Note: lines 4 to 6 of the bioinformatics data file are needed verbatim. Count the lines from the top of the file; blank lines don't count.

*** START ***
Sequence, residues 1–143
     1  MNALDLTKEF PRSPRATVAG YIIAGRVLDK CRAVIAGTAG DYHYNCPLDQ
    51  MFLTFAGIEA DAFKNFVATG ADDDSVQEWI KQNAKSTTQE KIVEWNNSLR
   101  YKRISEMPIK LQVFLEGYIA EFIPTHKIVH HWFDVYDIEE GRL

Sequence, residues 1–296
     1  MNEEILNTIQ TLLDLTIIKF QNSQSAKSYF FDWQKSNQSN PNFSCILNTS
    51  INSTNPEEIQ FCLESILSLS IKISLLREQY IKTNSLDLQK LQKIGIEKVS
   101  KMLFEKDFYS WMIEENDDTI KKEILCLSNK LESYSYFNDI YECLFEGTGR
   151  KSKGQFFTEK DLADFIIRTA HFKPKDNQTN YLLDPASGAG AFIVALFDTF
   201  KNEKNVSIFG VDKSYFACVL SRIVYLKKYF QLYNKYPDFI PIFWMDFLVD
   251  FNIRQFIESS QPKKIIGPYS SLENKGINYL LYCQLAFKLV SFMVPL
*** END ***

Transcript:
   101  YKRISEMPIK LQVFLEGYIA EFIPTHKIVH HWFDVYDIEE GRL

Sequence, residues 1–296
     1  MNEEILNTIQ TLLDLTIIKF QNSQSAKSYF FDWQKSNQSN PNFSCILNTS